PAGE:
Swine can be especially susceptible to the effects of particular mycotoxin compounds, and depending on their phase of the production cycle, significant impacts on health and productivity could be observed. While hundreds of specific mycotoxin compounds have been identified, a handful of those are of particular interest and of concern to hog producers.

Even small amounts can pack a punch

Like other contaminants, mycotoxins are typically measured in parts per million (ppm) or parts per billion (ppb). To put that into perspective, one part per million would be the equivalent of one corn plant in about a 40 acre corn field. One part per billion, on the other hand, would be the equivalent to one corn plant in about 40,000 acres of corn. Because they can’t be detected by smell or by the naked eye, the importance of regular feed analysis cannot be understated.

Fusarium Toxins

The Fusarium group of mycotoxins, such as vomitoxin, zearalenone and fumonisins, are the result of cool, wet growing conditions, and pose the greatest threat to swine compared to other livestock.


Deoxynivalenol, or referred to as vomitoxin, DON or “refusal factor”, is most commonly found in the upper midwest in corn but can also be found in small grains. Symptoms of vomitoxin include reduced feed intake at levels of 1 ppm. Increased concentrations (5-10 ppm) can result in feed refusal and ultimately weight loss and vomiting.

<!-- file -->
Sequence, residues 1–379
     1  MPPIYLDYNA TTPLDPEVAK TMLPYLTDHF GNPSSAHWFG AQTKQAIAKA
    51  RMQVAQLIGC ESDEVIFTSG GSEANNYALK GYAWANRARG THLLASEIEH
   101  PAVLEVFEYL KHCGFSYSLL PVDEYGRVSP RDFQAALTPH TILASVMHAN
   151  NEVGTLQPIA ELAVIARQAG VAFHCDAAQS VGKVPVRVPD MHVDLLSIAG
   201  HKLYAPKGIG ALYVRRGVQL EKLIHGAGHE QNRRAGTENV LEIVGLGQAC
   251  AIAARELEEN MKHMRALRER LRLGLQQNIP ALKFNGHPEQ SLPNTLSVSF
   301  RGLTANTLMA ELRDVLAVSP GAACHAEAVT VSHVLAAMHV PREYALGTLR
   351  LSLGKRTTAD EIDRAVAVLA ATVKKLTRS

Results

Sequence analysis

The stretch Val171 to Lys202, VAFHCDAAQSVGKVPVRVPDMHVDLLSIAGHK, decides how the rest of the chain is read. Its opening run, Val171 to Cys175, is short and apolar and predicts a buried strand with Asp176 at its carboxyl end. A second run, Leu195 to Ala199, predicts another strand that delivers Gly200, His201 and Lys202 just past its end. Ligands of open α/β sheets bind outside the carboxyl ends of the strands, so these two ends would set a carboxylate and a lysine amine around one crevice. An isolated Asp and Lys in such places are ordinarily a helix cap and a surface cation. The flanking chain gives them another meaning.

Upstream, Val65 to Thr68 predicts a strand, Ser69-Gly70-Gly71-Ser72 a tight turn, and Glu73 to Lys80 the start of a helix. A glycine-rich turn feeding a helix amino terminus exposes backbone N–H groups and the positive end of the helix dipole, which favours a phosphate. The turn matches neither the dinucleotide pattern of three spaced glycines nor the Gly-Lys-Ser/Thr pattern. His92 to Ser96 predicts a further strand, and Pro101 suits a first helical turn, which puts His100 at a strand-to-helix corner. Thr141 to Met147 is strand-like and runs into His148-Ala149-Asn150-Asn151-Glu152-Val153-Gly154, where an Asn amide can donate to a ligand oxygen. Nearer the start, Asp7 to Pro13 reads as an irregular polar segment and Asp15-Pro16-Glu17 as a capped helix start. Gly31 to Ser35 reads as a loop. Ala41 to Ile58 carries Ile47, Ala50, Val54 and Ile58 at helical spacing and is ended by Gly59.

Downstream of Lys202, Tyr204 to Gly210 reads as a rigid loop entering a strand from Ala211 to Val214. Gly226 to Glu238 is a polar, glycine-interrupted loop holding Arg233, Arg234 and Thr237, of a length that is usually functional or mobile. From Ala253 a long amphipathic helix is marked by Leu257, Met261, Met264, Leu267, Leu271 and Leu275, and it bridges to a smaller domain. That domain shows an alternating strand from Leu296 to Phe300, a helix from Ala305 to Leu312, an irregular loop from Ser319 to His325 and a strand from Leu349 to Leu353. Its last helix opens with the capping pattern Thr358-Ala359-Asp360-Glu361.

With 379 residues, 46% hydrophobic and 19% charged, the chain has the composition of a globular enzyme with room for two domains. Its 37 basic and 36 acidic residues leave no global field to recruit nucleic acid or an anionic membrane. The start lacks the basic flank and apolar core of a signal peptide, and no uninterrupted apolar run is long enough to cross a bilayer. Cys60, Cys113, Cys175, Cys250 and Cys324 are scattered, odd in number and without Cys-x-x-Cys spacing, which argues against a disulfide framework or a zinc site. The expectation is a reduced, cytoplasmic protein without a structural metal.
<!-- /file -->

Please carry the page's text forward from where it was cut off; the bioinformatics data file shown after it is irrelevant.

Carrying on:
The mycotoxin zearalenone, or the “giberella toxin”, often occurs as a result of improper moisture and or storage conditions. Zearalenone is typically found in cereals as well as corn, and results in estrogenic effects such as vulva reddening or swelling, rectal or vaginal prolapse, irregular estrus cycles and reduced litter size, with pre-pubertal gilts being the phase of production most susceptible. Young growing pigs can be affected in concentrations of less than one part per million, while breeding females, finishing pigs and boars can be affected at 2 ppm and 3 ppm respectively.